One station manager had issued an ultimatum to Gerry about his insistence on regularly playing a fifteen minute dirge by a balladeer from Galway, and when he heard it being played one morning, he came tearing down the stairs to stop the subversion. I was privileged to witness producer Stephen Price eject the said manager from studio!

Long before I joined Radio Foyle, I listened with fascination to Gerry as he milked sacred cows, annoyed golfers and holier­than­thous, and berated his long-suffering colleague Sean Coyle on air.

God, but he hated snobbery, and when he became aware the certain members of the Derry middle class had started origami evenings, he reminded them that the reverse of ‘origami’ is ‘I am a giro!’. Ouch!

When someone dared boast of their bonsai trees in a salubrious part of the city, Gerry quickly reminded them of the reverse of that word, too...’I a snob!’ .

The acclaimed Enniskillen butcher Pat Doherty opened the BBC studios for many years. Once, Gerry’s guest (some obscure and possibly dreadful singer) didn’t turn up, but, as Pat was in studio, Gerry persuaded the affable Pat to discuss his prizewinning sausages, Fermanagh black bacon and crocodile burgers!

It was superb entertainment, at the end of which, Gerry asked Pat to sing. “Ah, Gerry”, protested Pat, “sure I’m no chanter!”. ‘Ah, go on, insisted Anderson, “you’re bound to have a few oul songs in your repertoire - sorry, in your abattoir!” Priceless.

Almost twenty years ago, when he returned from London after a short but harrowing time on BBC Radio 4, we met up in The Magnet and it was obvious that the constant criticism had affected him deeply. He recalled waking up in dread, morning after morning, waiting for the Tory papers to lambast him once again.

Michael Green, Controller of Radio 4, had tried to radicalise what was considered sacred in the Shires. When he changed ‘Gardeners’ Question Time’ and – horror of horrors – sent cricket to Long Wave radio, Gerry took the backlash, culminating in the ridiculous ‘Sunday Telegraph’ slamming him in editorials. Indeed, one had the headline: “Anderson Country Must Go”.

Michael Green subsequently stated that “this past year has shown us that presenting this kind of programme five days a week is too heavy a burden for any one person.”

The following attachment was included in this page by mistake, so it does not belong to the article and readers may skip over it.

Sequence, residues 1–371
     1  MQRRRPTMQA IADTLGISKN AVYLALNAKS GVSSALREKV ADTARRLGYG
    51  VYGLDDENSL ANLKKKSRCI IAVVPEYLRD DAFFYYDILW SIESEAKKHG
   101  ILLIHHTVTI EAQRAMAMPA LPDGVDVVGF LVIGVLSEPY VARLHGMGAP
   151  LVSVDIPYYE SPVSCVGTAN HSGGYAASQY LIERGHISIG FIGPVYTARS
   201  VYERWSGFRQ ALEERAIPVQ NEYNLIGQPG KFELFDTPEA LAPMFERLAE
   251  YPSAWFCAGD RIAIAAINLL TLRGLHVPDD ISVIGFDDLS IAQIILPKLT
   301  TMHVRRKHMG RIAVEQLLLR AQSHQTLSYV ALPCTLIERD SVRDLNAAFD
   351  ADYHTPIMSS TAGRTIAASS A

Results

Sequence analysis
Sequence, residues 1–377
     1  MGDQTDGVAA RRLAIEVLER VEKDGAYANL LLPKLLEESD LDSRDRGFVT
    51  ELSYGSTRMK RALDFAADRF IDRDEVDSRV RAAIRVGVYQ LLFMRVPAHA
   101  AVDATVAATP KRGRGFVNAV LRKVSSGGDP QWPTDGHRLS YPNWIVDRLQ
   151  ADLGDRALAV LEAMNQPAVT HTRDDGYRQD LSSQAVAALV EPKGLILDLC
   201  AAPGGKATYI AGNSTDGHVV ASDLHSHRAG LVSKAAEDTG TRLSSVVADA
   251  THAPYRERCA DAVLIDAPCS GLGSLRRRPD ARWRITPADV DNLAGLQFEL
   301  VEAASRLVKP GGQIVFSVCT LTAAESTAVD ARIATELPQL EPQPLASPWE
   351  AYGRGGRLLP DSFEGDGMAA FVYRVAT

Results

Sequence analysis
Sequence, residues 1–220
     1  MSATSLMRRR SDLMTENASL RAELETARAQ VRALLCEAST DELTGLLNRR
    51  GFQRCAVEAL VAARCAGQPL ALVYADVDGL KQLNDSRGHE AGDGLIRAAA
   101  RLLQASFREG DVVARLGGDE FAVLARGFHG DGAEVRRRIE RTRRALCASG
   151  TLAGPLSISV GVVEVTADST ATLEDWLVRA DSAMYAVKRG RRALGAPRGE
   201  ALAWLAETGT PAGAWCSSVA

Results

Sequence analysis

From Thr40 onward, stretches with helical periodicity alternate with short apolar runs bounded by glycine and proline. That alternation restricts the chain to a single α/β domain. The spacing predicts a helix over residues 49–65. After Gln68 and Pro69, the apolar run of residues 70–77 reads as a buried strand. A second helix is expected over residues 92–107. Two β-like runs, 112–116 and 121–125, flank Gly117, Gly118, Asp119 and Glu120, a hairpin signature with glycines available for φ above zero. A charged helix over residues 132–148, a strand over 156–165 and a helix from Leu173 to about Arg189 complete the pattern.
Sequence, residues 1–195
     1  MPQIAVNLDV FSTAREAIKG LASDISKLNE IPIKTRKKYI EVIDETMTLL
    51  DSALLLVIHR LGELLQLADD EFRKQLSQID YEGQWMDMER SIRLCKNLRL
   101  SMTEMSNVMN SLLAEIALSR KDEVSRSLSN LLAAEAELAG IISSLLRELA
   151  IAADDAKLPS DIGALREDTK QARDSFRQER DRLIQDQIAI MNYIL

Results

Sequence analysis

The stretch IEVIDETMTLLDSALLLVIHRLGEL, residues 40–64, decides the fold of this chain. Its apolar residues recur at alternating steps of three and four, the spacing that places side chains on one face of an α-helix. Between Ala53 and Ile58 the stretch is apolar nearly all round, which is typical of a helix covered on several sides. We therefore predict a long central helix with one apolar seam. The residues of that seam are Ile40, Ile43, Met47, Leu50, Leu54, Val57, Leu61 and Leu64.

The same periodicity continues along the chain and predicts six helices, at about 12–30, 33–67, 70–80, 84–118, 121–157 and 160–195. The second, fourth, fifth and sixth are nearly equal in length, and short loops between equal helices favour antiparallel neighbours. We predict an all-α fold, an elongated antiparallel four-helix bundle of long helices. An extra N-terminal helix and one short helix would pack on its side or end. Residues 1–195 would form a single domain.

That was PR speak at its most disingenuous....Gerry was used as a guinea ­pig although he was much too gracious to say so himself.

In The Magnet, Victor lightened our conversation by taking a puff from his pipe and laughing: “You’re always safer annoying your own crowd.”

As Gerry’s coffin left the Cathedral on Sunday – where he had been baptised and served as an altar boy – the fiddler played “The Homes of Donegal”. His mother was from Inishowen and he loved the county dearly.

Albert Reynolds was born ten miles from the original Strokestown in Roscommon...Gerry would have appreciated that coincidence. To, perhaps, paraphrase Father Farren, Christine and her family’s grief will be theirs alone, while others will mourn differently for Gerry, but I’ll leave you with some words of solace from the aforementioned Dietrich Bonhoeffer:

“There is nothing that can replace the absence of someone dear to us, and one should not even attempt to do so. One must simply hold out and endure it.

“At first that sounds very hard, but at the same time it is also a great comfort. For to the extent the emptiness truly remains unfilled, one remains connected to the other person through it.

“It is wrong to say that God fills the emptiness. God in no way fills it but much more leaves it precisely unfilled and thus helps us preserve ­­- even in pain ­­- the authentic relationship.

“Further more, the more beautiful and full the remembrances, the more difficult the separation. But gratitude transforms the torment of memory into silent joy.

One bears what was lovely in the past not as a thorn but as a precious gift deep within, a hidden treasure of which one can always be certain.”

Amen to that.